Therapists


The therapists at JJ Play Therapy are NY state licensed psychotherapists with over 10 years of experience working with children and families. For the last several years Jennifer and Julia have been working at a day treatment center for preschool-aged children in Brooklyn, NY. They have experience treating children with a variety of issues, including: attention and hyperactivity disorders, autism spectrum disorders, developmental delays, anxiety, oppositional defiant disorders, and other behavioral difficulties. They work with children who have experienced trauma, have attachment difficulties, family disruptions, or adjustment issues. Jennifer and Julia have experience running therapy groups with a focus on improving social emotional skills. They have extensive post-graduate training in play therapy, are trained in Child-Parent Relationship Therapy, and are members of the Association for Play Therapy. 

Jennifer and Julia's work in schools has given them the opportunity to work alongside a variety of developmental specialists, including speech pathologists, occupational therapists, teachers, and medical professionals. They are very familiar with the CPSE/CSE processes and can offer advice regarding IEP development and school placement. They can also consult with teachers and related service providers to coordinate therapeutic interventions and goals.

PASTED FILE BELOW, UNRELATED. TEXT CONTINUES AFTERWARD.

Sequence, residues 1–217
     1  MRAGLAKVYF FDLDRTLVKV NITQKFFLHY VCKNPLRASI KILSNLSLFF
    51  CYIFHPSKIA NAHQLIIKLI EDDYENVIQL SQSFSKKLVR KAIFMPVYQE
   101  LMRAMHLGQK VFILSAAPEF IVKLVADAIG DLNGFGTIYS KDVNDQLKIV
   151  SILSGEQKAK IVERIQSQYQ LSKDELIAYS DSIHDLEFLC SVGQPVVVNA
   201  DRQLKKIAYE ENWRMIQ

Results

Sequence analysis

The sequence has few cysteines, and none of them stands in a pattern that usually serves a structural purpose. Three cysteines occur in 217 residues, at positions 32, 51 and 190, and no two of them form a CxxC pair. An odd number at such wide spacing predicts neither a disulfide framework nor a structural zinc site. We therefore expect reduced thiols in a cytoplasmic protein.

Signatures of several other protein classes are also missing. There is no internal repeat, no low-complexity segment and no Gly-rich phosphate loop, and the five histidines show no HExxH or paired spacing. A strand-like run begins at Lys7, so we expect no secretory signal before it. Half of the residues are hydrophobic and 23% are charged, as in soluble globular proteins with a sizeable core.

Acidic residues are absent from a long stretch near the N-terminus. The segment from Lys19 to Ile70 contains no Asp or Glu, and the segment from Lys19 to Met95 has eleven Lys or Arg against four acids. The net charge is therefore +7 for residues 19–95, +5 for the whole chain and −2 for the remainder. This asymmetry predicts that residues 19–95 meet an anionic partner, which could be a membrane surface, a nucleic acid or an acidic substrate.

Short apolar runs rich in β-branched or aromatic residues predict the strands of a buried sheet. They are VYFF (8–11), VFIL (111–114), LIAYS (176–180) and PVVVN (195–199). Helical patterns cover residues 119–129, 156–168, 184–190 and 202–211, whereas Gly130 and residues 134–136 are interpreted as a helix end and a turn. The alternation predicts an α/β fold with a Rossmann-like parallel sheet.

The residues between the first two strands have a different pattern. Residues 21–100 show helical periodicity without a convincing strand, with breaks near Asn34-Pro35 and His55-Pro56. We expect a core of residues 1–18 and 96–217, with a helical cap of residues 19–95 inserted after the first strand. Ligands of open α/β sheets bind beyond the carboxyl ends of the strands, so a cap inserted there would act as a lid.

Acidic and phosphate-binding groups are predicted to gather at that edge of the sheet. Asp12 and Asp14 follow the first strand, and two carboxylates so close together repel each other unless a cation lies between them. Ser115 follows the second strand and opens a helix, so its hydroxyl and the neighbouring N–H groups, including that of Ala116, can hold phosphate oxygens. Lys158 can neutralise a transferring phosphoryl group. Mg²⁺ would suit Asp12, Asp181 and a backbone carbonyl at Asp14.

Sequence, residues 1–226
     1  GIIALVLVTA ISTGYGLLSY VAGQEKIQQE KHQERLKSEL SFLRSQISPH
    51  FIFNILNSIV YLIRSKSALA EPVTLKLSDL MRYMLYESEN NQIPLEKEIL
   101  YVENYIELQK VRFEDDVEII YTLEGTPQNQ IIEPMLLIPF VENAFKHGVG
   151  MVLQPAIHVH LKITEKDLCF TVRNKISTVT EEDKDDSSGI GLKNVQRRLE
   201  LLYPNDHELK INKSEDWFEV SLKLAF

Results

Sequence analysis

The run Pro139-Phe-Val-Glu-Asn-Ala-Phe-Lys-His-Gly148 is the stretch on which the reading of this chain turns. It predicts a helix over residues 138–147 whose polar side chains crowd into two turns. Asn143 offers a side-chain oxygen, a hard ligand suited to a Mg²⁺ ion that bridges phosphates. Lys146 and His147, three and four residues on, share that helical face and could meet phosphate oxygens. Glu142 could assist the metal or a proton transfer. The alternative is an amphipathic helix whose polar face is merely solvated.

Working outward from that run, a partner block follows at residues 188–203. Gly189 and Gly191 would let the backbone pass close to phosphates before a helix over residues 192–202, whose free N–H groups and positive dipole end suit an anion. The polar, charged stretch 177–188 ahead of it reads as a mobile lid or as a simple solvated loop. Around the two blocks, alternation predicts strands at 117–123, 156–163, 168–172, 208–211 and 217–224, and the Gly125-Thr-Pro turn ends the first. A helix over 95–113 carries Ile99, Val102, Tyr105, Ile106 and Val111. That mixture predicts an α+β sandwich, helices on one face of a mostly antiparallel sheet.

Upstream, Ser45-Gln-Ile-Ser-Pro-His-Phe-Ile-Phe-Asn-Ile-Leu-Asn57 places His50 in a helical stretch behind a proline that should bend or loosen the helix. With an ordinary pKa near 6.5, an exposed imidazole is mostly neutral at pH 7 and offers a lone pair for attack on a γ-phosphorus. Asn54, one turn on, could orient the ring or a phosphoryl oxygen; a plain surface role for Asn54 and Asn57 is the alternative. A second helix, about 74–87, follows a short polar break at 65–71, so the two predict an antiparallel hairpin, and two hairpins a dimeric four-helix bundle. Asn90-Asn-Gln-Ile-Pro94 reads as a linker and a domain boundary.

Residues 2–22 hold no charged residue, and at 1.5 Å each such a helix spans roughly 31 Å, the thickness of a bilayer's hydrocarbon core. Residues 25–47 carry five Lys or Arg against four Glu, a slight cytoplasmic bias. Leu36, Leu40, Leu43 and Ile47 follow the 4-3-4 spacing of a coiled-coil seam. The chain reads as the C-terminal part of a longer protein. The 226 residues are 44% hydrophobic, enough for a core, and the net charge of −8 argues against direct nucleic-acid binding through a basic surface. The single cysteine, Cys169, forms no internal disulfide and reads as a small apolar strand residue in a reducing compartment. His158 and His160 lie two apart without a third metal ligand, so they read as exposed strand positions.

Julia Jacobson, LCSW, M.S.Ed.

Julia graduated from Connecticut College in 2006 with a BA in human development and a minor in psychology. After graduating, she was a preschool teacher in Washington, DC in connection with the Early Childhood Leadership Institute. Julia received a dual master's degree in early childhood general and special education and social work through the joint program at Bank Street College and Columbia University in 2012. Her concentration was in families, youth and children, and she completed an Integrated Master's Project on utilizing play therapy as treatment for children with autism.

 

Jennifer Johnson, LCSW

Jennifer graduated from Clark University in 2004 with a BA in psychology and a minor in communications and culture. There she conducted research on autonomy support and the relationship between self-esteem of mothers and their children. After graduating, she worked for two years as an assistant teacher at a day treatment center in Connecticut for children with emotional and behavioral challenges. She went on to receive a master's degree in social work from Columbia University in 2008, with a concentration in health, mental health, and disabilities.